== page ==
Annabel's Deliciously British chutneys

The new range

The woman behind the Annabel’s Deliciously British brand of strawberries has launched a new range of jams, chutneys and preserves to make full use of her crops.

Yorkshire grower Annabel Makin-Jones grows berries, forced rhubarb and honey at her farm in Micklefield near Leeds.

Her new range includes a Strawberry Conserve, a Rhuberry Conserve, a Strawberry Chilli Chutney, and a Rhubarb and Mango Chutney, with a donation being made to The Prince’s Trust for every jar sold.

The launch follows another partnership with Hesper Farm yoghurts and a recent collaboration with Otterbeck Disillery on a Strawberry and Pink Peppercorn Cotton Gin.

“Utilising the whole crop is vitally important to my farming ethos,” said Makin-Jones, who says she runs a zero-waste farm.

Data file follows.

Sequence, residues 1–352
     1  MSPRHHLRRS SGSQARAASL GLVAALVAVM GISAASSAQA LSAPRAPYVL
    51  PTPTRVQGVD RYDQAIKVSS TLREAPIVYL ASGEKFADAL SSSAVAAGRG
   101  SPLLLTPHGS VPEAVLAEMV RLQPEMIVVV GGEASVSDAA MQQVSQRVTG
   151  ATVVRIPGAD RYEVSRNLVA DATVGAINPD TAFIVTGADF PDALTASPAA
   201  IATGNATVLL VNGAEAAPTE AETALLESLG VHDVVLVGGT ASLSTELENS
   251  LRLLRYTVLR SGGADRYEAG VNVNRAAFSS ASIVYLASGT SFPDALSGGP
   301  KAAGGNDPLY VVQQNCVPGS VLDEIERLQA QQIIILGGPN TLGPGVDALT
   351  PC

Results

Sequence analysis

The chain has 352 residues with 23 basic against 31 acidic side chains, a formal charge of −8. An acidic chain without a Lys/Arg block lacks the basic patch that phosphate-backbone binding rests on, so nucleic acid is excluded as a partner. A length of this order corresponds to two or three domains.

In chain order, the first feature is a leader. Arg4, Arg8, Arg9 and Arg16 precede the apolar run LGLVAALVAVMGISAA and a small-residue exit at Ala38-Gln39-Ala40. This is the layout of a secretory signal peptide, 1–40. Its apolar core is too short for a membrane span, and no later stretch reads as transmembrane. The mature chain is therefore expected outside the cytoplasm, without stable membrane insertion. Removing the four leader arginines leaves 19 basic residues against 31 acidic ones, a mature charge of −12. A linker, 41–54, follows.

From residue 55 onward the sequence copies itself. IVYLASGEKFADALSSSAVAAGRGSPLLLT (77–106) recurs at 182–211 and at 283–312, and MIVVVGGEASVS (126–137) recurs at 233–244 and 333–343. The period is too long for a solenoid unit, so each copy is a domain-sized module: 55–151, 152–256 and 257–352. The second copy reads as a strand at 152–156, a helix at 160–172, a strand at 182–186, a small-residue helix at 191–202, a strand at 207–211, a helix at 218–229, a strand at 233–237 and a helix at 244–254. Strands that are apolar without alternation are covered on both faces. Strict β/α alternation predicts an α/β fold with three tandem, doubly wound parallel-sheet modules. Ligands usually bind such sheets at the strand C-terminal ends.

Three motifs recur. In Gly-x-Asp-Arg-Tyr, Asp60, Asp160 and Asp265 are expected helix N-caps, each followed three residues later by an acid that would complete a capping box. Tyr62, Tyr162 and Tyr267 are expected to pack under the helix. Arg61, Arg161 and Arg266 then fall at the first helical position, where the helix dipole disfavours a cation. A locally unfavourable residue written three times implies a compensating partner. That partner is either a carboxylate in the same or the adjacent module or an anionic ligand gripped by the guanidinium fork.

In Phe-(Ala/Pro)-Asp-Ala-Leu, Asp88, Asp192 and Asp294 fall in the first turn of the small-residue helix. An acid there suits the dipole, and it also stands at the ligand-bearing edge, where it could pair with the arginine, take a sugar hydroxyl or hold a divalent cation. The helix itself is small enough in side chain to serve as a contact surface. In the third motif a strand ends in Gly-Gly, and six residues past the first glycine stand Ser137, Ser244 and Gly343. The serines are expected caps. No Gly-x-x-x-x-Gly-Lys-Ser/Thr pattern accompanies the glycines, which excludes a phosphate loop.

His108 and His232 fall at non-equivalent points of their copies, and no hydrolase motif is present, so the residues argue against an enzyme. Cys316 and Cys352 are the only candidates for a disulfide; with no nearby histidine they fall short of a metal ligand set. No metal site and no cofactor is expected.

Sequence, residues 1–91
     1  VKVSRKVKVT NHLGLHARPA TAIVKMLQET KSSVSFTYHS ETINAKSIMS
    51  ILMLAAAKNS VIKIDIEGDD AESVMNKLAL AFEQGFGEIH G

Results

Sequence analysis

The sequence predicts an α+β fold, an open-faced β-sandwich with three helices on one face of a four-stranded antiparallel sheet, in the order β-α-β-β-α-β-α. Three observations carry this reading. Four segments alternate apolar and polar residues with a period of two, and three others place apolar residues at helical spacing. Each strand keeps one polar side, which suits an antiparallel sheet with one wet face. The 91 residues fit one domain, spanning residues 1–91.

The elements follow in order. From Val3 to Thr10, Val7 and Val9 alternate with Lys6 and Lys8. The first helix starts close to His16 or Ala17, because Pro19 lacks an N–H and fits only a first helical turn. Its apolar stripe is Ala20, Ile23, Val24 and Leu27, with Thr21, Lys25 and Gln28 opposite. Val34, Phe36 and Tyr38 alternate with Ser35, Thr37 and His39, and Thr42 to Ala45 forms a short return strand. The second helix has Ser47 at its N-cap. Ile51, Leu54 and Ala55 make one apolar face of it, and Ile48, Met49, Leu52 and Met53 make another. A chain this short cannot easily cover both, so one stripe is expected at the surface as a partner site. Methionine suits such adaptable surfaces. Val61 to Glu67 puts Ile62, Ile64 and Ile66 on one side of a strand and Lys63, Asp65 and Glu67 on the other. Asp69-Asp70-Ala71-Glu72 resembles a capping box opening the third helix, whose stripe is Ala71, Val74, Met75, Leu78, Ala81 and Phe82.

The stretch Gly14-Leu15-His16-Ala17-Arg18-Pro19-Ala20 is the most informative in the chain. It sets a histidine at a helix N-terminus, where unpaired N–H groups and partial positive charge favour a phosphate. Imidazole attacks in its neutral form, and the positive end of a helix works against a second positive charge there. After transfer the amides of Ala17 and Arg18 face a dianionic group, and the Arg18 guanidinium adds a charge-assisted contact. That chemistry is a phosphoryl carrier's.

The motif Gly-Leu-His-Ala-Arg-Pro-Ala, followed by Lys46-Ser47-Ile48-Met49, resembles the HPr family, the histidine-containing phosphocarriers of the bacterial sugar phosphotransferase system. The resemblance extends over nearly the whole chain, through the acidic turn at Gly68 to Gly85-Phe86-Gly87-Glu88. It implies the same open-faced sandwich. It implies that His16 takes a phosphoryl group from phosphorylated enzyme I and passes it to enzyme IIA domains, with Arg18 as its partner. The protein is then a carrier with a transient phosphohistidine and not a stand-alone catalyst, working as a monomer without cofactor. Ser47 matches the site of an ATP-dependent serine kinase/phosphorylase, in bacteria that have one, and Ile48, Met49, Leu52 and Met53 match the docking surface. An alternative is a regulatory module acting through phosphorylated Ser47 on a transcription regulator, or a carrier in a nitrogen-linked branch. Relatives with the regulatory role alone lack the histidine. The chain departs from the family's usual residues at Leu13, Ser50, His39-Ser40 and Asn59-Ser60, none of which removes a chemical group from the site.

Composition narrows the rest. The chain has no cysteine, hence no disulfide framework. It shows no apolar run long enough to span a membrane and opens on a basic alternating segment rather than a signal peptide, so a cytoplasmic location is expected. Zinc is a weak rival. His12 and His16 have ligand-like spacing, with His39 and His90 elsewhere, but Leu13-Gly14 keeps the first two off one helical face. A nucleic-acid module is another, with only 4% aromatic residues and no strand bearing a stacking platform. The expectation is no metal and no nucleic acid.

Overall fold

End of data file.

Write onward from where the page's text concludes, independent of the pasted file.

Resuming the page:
“When I looked at the jam market, I was shocked but not surprised that virtually all the supermarket jams, and most of the artisan jam market, used imported fruit.

“I recognise we’re all accustomed to global flavours and I embrace this – I use mango in my rhubarb chutney as it’s a fabulous combination – however we need to address food waste on all levels starting at source. To achieve zero waste, we need to use everything we produce on the farm.”

The Yorkshire grower, who studied Agri-Food and Business at Harper Adams University, says she wants to combine sustainable agriculture practices with savvy branding.

“Sustainability is at the very core of my farming,” she said. “We moved to compostable punnets last year and have worked hard to remove plastic from our supply chain.

“All our water requirements for the crop come from our 25-million-gallon lake, and we generate electricity from solar panels. We’ve planted trees and improved our habitat.We’ve introduced hives to the farm. Protecting pollinators is so important to farming and we’re starting to produce honey on the farm.”

“If there is one silver lining from the pandemic, it’s that it has caused us to value the role that food plays in our lives.We are more conscious of food waste as we’re shopping less frequently. These are good changes to behaviour.”